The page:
South Texas Couple Sentenced In Bankruptcy Fraud Case
HOUSTON – Michael Giventer, 53, formerly of Brownsville, has been ordered to prison for five years following his conviction of conspiracy to commit bankruptcy fraud, United States Attorney Kenneth Magidson announced today. He pleaded guilty to the charge in Spring 2012, along with his wife, Florida resident Julia Shavabskaya, 40.
Today, U.S. District Judge Vanessa D. Gilmore handed Giventer a term of imprisonment of 60 months which will be followed by three years of supervised release. Shavabskaya was sentenced earlier this year to a term of six months in federal prison followed by six months of home confinement. She will also serve three years of supervised release. Both were further ordered to restitution in the amount of $9,106,606.15.
From on or about Aug. 27, 2002, and continuing to July 2010, Giventer caused the incorporation of two business entities as holding companies to receive income from clinics providing various forms of health care services to individuals who were covered by Workers’ Compensation insurance. Those businesses were Ambucare Inc. and Open Diagnostic Imaging Inc. located in the Brownsville area. Ownership of both companies was placed solely in the name of Shavabskaya. Through these two companies, Giventer received income from a number of these clinics, such as Valley Center for Pain and Stress Management, Functional Pain Center, Palladium for Surgery and Valley Comprehensive Pain Management.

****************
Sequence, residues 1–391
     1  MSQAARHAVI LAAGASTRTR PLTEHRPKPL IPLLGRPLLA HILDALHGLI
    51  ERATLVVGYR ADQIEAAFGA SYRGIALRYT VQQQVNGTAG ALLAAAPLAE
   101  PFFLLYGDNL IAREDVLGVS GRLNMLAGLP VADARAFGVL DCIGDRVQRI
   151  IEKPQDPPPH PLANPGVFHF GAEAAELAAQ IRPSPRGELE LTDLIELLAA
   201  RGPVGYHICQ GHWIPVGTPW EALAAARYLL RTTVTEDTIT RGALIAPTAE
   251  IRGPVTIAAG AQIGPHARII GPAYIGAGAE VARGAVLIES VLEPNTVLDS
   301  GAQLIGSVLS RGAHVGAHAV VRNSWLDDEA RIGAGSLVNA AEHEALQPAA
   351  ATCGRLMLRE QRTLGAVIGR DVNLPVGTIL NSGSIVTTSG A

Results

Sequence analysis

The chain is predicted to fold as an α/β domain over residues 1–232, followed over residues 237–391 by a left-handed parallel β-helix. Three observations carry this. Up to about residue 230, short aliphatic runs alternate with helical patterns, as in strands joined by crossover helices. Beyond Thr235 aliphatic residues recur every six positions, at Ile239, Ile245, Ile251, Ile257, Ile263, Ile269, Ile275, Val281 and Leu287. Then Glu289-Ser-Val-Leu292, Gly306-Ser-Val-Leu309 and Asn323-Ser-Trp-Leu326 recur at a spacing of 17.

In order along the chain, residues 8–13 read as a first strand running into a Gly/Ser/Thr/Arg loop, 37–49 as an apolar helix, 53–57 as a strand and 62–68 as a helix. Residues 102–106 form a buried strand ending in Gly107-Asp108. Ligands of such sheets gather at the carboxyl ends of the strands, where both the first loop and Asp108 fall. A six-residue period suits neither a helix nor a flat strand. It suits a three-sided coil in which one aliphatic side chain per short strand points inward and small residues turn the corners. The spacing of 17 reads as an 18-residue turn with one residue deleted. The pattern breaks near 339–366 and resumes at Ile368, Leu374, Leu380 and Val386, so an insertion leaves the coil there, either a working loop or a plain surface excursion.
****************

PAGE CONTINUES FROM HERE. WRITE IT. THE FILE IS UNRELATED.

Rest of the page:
On Nov. 4, 2005, Giventer filed for bankruptcy under chapter 7 in the Southern District of Texas. During the proceedings, Giventer was required to file, under penalty of perjury, various schedules consisting of assets, debts, liabilities and a statement of financial affairs in which he was required to disclose his income, debts, property and transfers of property, among other things. In some of the documents, Giventer indicated he did not own an interest in Ambucare, Open Diagnostic Imaging and other properties and assets when in truth and in fact, he controlled, managed and received income from these entities and made all decisions about how their income would be distributed. Shavabskaya falsely testified she owned the companies and that Giventer did not own or operate them. Additionally, both Giventer and Shavabskaya knew and falsely denied under oath any ownership interest in these entities in order to deceive, frustrate and prevent creditors and the bankruptcy trustee from identifying and collecting assets as part of the bankruptcy estate to be distributed for the benefit of creditors.
This case was jointly investigated by the FBI and the Department of Health and Human Services. The case is being prosecuted by Assistant United States Attorney Quincy L. Ollison.